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Sunday, 30 June 2013

Caper capers (Κάπαρι)

The fire in our neighbourhood left its mark in the open fields close to the houses. Luckily for all of us, our houses were not affected (some suffered very minor damage, eg sooty walls). Although the fire caused widespread damage, it was fortunate that the natural landscape did not burn right down to its roots.
The fire started behind the buildings, from a short-circuit during high winds, which helped it spread from one side of the road, jumping over the buildings to the other side f the road (not visible) and up the hill to where we live.
I recently took a little walk in our neighbourhood to see the aftermath. The main damage occurred in the olive trees, which are laden with an oil content that makes them sizzle like a frying pan before they go 'whoosh' and burn in a matter of seconds.
This poor tree caught fire in its trunk, making one part of it fall down as it gave way to the flames. 
The few citrus trees in the area were less affected, as they have a greater water content.
The lemon tree has survived despite its burnt leaves. The fruit will all still be edible.
The woodier trees like the decorative palms were not so lucky - neither were the snails that were enjoying their shade on the bark.
This palm is located in the garden of a private home - the blackened shells of the snails can be seen.
The odorous burnt smell in the area will not go away until the winter when the rains fall. Until then, the wind will make the smell travel whichever way it blows.
A neighbour's house - the fire came that close.
Although the earth where the fire touched now has an orange-brown hue, the greenery that was growing on it  before the fire has shown great resilience. The caper bushes continue to grow as if they were never affected by fire. I found a caper bush by a church which the fire surrounded but did not burn, not even singe the walls; that could be some kind of sign, but I put it down to the concrete and stucco walls playing the rols of firebreaks. This caper bush is special in another way: it is completely removed from pollution, as no vehicles, no animals and no people come near it, except for once a year during the chirch's feast day.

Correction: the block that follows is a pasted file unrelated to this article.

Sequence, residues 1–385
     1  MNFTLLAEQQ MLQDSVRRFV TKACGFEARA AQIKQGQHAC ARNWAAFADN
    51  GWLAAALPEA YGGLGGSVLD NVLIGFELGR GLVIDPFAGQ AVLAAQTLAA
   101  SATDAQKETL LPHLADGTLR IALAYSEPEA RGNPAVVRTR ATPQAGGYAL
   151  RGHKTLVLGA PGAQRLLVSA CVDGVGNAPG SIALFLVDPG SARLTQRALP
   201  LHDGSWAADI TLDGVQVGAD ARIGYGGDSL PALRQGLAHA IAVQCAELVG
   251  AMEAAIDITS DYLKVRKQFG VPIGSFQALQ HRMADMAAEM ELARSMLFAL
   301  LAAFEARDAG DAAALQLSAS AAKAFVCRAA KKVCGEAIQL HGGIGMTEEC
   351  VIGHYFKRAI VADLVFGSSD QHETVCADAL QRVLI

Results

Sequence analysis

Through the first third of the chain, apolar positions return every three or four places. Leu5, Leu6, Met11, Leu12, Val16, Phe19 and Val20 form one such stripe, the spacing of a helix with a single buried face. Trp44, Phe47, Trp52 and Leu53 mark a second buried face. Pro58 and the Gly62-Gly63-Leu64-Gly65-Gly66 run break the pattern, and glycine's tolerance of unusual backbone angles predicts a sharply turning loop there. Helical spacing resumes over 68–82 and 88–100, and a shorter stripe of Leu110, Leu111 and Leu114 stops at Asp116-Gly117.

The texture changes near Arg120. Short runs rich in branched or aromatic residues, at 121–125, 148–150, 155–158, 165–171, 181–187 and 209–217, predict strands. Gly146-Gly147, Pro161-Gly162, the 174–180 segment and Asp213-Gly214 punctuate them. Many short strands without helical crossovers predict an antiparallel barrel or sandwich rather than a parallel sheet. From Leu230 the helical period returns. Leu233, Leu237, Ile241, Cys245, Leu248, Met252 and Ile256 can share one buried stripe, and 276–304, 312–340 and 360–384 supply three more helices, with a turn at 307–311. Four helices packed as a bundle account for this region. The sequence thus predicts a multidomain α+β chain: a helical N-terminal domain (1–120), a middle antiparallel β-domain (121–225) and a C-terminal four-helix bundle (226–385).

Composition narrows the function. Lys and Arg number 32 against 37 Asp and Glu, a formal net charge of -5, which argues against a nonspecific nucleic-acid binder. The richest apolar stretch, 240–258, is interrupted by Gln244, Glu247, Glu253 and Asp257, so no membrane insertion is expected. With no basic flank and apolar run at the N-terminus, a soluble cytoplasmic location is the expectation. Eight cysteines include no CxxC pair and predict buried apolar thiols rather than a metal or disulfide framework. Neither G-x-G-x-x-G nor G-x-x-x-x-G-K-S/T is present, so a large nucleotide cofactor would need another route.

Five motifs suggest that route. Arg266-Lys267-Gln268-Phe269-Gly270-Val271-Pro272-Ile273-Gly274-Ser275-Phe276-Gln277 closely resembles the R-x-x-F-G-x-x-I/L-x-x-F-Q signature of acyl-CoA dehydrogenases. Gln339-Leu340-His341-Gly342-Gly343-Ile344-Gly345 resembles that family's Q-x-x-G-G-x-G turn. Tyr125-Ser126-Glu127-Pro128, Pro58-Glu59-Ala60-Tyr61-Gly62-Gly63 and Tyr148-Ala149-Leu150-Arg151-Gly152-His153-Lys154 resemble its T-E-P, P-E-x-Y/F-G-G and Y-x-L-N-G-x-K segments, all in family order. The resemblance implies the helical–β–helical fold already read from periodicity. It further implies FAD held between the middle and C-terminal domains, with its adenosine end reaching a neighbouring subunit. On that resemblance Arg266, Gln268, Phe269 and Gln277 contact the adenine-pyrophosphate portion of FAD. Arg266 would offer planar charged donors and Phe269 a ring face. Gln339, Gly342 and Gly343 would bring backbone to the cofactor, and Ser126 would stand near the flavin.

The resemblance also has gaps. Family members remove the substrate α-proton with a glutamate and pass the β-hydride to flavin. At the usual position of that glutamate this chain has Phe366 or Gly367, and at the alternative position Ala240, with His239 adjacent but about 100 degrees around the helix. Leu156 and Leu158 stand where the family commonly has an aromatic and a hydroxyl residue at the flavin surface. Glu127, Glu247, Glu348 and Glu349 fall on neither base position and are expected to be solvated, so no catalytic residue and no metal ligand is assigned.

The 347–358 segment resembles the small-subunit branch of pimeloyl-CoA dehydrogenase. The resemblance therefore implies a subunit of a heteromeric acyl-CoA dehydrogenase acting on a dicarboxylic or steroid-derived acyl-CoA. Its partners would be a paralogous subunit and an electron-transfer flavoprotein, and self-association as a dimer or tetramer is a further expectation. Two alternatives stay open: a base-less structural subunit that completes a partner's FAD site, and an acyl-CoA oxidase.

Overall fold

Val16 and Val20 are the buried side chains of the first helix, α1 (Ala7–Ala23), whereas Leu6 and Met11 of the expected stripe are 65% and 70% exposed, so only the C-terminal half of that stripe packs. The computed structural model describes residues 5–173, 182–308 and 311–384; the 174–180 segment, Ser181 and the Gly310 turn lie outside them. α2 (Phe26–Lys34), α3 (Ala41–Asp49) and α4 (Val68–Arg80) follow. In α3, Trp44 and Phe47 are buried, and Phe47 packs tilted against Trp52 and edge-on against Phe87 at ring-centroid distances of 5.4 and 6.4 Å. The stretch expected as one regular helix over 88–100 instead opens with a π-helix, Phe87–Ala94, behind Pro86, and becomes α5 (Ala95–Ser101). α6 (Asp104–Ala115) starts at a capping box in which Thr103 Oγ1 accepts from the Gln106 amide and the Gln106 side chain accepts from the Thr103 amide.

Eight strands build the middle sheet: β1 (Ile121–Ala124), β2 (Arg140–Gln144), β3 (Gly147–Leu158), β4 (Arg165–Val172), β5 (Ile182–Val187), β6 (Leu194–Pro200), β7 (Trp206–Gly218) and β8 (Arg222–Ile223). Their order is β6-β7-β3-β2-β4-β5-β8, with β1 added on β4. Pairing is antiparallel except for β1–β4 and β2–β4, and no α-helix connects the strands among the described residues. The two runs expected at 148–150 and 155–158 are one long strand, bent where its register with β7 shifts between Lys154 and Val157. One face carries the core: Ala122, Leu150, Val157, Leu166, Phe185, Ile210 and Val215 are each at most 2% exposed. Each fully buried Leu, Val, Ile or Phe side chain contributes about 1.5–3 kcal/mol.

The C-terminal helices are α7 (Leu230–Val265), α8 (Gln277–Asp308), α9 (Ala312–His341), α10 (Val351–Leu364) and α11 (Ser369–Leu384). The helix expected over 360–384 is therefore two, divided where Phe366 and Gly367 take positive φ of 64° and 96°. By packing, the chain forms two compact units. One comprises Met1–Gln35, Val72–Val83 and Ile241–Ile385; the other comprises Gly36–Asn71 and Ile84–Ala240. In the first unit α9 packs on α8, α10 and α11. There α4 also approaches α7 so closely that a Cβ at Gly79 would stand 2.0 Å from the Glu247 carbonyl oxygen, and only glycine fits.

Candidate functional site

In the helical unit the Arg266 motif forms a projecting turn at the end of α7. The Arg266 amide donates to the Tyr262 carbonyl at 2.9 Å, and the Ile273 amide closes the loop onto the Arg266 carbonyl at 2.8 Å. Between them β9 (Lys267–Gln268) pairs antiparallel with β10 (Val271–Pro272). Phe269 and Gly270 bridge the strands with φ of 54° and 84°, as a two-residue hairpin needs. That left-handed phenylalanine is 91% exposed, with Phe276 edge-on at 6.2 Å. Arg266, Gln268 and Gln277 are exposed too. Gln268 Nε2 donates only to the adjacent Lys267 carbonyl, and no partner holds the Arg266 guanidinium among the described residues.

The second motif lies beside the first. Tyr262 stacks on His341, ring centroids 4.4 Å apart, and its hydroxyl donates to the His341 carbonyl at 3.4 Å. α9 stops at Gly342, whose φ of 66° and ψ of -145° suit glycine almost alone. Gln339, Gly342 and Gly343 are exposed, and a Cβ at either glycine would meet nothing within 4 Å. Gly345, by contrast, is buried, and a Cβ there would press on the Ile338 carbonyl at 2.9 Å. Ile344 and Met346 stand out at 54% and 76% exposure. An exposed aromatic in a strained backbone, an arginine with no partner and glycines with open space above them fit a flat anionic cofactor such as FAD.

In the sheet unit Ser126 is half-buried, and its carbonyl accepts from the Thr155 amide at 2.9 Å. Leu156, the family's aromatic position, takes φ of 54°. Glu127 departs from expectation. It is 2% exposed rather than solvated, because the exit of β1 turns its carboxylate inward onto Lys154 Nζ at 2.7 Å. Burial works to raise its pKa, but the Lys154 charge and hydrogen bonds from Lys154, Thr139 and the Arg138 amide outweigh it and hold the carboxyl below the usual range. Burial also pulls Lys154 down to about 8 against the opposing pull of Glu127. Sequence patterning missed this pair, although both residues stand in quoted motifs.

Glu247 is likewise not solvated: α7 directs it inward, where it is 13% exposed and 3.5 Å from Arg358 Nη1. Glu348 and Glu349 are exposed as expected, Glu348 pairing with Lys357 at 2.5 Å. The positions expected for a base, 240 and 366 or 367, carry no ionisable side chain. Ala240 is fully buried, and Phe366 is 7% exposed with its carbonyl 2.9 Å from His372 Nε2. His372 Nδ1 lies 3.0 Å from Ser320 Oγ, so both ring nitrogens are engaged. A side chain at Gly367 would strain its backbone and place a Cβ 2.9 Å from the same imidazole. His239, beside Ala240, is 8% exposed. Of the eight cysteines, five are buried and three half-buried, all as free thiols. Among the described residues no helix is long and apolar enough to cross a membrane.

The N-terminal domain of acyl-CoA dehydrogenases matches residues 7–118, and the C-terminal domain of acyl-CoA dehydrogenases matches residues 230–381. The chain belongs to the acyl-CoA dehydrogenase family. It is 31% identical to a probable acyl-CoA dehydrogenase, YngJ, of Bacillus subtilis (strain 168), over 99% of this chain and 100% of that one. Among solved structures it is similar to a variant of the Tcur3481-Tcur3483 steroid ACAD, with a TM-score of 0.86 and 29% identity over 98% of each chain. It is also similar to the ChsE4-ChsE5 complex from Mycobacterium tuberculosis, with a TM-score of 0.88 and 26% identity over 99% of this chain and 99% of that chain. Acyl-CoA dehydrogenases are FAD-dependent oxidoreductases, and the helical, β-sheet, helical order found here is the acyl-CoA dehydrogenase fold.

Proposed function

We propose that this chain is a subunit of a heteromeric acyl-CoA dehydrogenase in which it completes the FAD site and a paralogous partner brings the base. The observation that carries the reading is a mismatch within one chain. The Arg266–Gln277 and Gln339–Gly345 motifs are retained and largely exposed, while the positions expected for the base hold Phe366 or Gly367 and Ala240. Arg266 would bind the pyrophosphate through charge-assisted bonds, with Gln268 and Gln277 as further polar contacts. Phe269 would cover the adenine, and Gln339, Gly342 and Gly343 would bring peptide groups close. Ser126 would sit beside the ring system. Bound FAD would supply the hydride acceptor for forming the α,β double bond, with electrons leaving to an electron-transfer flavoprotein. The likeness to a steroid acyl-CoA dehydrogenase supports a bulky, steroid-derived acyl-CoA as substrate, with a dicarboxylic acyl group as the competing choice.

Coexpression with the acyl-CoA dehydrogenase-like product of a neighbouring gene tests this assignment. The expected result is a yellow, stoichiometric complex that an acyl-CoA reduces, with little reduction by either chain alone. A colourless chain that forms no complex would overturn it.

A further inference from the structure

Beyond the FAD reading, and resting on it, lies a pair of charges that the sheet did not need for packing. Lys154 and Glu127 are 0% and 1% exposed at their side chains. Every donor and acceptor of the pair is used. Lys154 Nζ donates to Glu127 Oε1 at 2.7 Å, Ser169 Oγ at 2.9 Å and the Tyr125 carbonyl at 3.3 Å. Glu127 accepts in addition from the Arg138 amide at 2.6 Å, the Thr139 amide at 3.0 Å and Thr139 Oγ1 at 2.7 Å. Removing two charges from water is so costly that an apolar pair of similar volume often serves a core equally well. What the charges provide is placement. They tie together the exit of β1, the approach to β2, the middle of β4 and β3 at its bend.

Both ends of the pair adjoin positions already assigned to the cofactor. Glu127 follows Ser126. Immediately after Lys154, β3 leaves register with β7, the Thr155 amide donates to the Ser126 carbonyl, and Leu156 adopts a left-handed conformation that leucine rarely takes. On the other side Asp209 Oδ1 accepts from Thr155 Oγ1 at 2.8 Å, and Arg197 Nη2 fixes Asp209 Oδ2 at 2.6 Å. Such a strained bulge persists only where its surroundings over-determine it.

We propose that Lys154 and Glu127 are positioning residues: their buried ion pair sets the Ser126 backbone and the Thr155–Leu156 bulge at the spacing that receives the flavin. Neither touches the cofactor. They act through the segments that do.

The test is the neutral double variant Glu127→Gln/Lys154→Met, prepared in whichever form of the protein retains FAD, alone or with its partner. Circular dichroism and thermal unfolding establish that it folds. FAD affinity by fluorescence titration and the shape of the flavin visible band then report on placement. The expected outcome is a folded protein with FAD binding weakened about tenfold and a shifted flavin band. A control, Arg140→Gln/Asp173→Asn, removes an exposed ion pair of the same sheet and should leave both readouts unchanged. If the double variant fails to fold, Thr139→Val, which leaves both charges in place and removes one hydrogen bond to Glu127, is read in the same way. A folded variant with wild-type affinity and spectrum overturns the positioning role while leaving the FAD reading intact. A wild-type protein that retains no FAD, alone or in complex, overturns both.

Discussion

The caper plant is very beautiful with its fushcia-shaped pink and purple blooms. These flowers come from the edible buds of the plant, which is fully edible but very thorny, so it's a bit of a pain to harvest the tenderest shoots for pickling. It also produces a downy fur on the leaves and buds, but this just natural and does not need any special removal technique.

This caper bush was full of small buds and tender shoots. I chopped the shoots as far as the most edible part, placed them in a bag and took them home. Then I picked all the buds and leaves (and a few of the berries from the flowers that had lost their petals - they are edible too!), and the shoot tips to 1-2cm. The stems were discarded.

The parts for pickling were rinsed mainly to get rid of ants and any other potential contaminants. Capers can be pickled in just plain vinegar with a bit of salt, but a few spices do not go amiss here. I added some bay leaves, some peppercorns, and some Pimenta dioica known in Greece as μπαχάρι (ba-HA-ri), for a bit of aroma.

The jar can be placed in a dark corner of your kitchen, and you can start using the capers a month later. Capers are excellent natural taste additives in tomato sauce for pizza or spaghetti, tomato salad and potato salad. They look very pretty sprinkled over red and white food.

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